# Plot a map of velocities

This is an example showing how to produce a map showing the spatial distribution of velocities in a 2D region of the Sun.

First we shall create a random 2D grid of velocities that can be plotted. Usually you would use a method such as `mcalf.models.FitResults.velocities()` to extract an array of velocities from fitted spectra.

```import numpy as np
np.random.seed(0)

x = 50  # 50 coordinates along x-axis
y = 40  # 40 coordinates along y-axis
low, high = -10, 10  # range of velocities (km/s)

def a(x, y, low, high):
arr = np.random.normal(0, (high - low) / 2 * 0.3, (y, x))
arr[arr < low] = low
arr[arr > high] = high
i = np.random.randint(0, arr.size, arr.size // 100)
arr[np.unravel_index(i, arr.shape)] = np.nan
return arr

arr = a(x, y, low, high)  # 2D array of velocities (y, x)
```

Next, we shall import `mcalf.visualisation.plot_map()`.

```from mcalf.visualisation import plot_map
```

We can now simply plot the 2D array.

```plot_map(arr)
``` ```<matplotlib.image.AxesImage object at 0x7f7b37ea19a0>
```

Notice that pixels with missing data (NaN) are shown in grey.

By default, the velocity data are assumed to have units km/s. If your data are not in km/s, you must either 1) rescale the array such that it is in km/s, 2) attach an astropy unit to the array to override the default, or 3) pass an astropy unit to the `unit` parameter to override the default. For example, we can change from km/s to m/s,

```import astropy.units as u

plot_map(arr * 1000 * u.m / u.s)
``` ```<matplotlib.image.AxesImage object at 0x7f7b37fc4f40>
```

A spatial resolution with units can be specified for each axis.

```plot_map(arr, resolution=(0.5 * u.km, 0.6 * u.Mm), offset=(-25, -20))
``` ```<matplotlib.image.AxesImage object at 0x7f7b5edda3a0>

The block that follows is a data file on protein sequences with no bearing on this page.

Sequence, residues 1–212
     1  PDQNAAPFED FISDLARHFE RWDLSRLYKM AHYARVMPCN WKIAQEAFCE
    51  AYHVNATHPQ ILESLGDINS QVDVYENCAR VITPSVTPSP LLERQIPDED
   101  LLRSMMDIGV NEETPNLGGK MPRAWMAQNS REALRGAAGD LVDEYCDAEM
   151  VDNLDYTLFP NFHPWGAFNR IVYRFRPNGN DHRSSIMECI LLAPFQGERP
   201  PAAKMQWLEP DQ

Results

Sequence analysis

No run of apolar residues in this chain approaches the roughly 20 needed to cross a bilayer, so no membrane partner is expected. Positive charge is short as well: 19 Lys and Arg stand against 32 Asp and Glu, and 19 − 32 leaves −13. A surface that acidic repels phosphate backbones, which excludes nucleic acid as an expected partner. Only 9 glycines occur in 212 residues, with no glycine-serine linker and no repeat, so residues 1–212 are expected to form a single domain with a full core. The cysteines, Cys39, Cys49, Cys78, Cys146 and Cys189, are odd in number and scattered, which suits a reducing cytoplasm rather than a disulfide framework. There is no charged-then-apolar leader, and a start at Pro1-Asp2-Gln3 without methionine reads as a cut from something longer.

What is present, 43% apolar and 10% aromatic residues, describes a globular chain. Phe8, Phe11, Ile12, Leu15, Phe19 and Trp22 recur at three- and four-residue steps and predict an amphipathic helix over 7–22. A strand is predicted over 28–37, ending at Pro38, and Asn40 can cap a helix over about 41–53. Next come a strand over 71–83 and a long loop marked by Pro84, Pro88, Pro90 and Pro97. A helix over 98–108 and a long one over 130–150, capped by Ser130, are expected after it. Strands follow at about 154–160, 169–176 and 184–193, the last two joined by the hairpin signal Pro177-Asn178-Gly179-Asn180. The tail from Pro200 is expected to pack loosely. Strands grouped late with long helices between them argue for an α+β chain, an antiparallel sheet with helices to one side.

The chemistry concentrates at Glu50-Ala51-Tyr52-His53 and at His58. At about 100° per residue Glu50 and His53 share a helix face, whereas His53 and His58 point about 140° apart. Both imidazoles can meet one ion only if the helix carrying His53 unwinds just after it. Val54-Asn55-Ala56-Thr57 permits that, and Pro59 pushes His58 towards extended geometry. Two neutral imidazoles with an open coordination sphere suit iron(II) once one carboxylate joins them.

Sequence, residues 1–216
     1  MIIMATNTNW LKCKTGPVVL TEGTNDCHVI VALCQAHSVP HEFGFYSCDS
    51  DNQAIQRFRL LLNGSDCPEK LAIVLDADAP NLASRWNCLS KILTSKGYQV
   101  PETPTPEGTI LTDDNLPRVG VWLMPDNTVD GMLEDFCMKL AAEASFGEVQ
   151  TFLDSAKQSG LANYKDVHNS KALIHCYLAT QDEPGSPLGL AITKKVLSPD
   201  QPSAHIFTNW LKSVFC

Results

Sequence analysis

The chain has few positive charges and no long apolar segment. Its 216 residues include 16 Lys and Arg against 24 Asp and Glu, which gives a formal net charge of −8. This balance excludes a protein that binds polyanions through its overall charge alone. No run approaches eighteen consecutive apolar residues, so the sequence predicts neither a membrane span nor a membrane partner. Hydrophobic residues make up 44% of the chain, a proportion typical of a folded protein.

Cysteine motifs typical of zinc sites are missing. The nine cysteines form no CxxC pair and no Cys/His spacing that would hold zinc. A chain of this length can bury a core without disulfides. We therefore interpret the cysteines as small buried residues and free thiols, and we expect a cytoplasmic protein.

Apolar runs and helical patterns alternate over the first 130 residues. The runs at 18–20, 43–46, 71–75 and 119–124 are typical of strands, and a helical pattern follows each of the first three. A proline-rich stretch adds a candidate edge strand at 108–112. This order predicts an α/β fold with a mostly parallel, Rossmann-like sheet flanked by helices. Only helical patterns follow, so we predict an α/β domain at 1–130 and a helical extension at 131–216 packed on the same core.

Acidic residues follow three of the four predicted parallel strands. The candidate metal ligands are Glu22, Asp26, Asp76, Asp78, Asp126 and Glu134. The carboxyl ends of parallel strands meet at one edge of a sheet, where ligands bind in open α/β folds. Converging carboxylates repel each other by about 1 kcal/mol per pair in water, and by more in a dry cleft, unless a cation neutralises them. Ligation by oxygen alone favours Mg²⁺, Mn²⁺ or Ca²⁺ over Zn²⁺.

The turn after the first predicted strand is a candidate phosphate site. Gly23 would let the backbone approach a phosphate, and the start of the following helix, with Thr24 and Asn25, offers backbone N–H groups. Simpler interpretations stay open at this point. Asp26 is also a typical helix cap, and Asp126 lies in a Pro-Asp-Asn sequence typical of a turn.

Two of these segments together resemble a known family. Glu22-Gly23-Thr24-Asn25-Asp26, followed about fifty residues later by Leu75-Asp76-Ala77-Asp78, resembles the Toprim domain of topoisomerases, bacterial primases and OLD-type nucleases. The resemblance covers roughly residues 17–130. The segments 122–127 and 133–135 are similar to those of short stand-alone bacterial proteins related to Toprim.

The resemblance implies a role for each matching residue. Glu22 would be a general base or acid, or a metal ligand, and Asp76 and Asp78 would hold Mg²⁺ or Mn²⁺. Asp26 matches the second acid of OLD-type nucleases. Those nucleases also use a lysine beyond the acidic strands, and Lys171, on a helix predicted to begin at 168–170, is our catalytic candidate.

```

A narrower range of velocities to be plotted can be requested with the `vmin` and `vmax` parameters. Classifications outside of the range will appear saturated. Providing only one of `vmin` and `vmax` with set the other such that zero is the midpoint.

```plot_map(arr, vmax=4)
``` ```<matplotlib.image.AxesImage object at 0x7f7b37db8fd0>
```

A mask can be applied to the velocity array to isolate a region of interest. This functionally is useful if, for example, data only exist for a circular region and you want to distinguish between the pixels that are out of bounds and the data that were not successfully fitted.

```from mcalf.utils.mask import genmask

``` ```<matplotlib.image.AxesImage object at 0x7f7b3c0d4250>
```

Notice how data out of bounds are grey, while data which were not fitted successfully are now black.

A region of interest, typically the umbra of a sunspot, can be outlined by passing a different mask.

```umbra_mask = genmask(50, 40, 5, 5, 5)

``` ```<matplotlib.image.AxesImage object at 0x7f7b3fcf69a0>
```

The plot_map function integrates well with matplotlib, allowing extensive flexibility.

```import matplotlib.pyplot as plt

fig, ax = plt.subplots(1, 2, constrained_layout=True)

plot_map(arr[:, :25], vmax=6, ax=ax, show_colorbar=False)
im = plot_map(arr[:, 25:], vmax=6, ax=ax, show_colorbar=False)

fig.colorbar(im, ax=ax, location='bottom', label='velocity (km/s)')

ax.set_title('first half')
ax.set_title('second half')

plt.show()
``` Total running time of the script: ( 0 minutes 1.636 seconds)

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